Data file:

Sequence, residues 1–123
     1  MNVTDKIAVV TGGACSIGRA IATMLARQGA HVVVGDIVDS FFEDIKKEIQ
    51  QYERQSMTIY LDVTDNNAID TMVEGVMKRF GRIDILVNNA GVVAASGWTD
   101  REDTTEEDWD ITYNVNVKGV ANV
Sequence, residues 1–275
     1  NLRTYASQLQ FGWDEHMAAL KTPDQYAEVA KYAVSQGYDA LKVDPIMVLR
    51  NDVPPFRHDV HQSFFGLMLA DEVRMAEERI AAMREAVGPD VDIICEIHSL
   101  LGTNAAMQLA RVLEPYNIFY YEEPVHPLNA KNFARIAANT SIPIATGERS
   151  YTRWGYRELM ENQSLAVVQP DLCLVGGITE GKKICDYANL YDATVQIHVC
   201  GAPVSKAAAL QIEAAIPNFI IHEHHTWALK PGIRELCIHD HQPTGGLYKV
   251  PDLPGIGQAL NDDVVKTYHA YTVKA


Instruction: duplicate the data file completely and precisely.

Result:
Sequence, residues 1–123
     1  MNVTDKIAVV TGGACSIGRA IATMLARQGA HVVVGDIVDS FFEDIKKEIQ
    51  QYERQSMTIY LDVTDNNAID TMVEGVMKRF GRIDILVNNA GVVAASGWTD
   101  REDTTEEDWD ITYNVNVKGV ANV
Sequence, residues 1–275
     1  NLRTYASQLQ FGWDEHMAAL KTPDQYAEVA KYAVSQGYDA LKVDPIMVLR
    51  NDVPPFRHDV HQSFFGLMLA DEVRMAEERI AAMREAVGPD VDIICEIHSL
   101  LGTNAAMQLA RVLEPYNIFY YEEPVHPLNA KNFARIAANT SIPIATGERS
   151  YTRWGYRELM ENQSLAVVQP DLCLVGGITE GKKICDYANL YDATVQIHVC
   201  GAPVSKAAAL QIEAAIPNFI IHEHHTWALK PGIRELCIHD HQPTGGLYKV
   251  PDLPGIGQAL NDDVVKTYHA YTVKA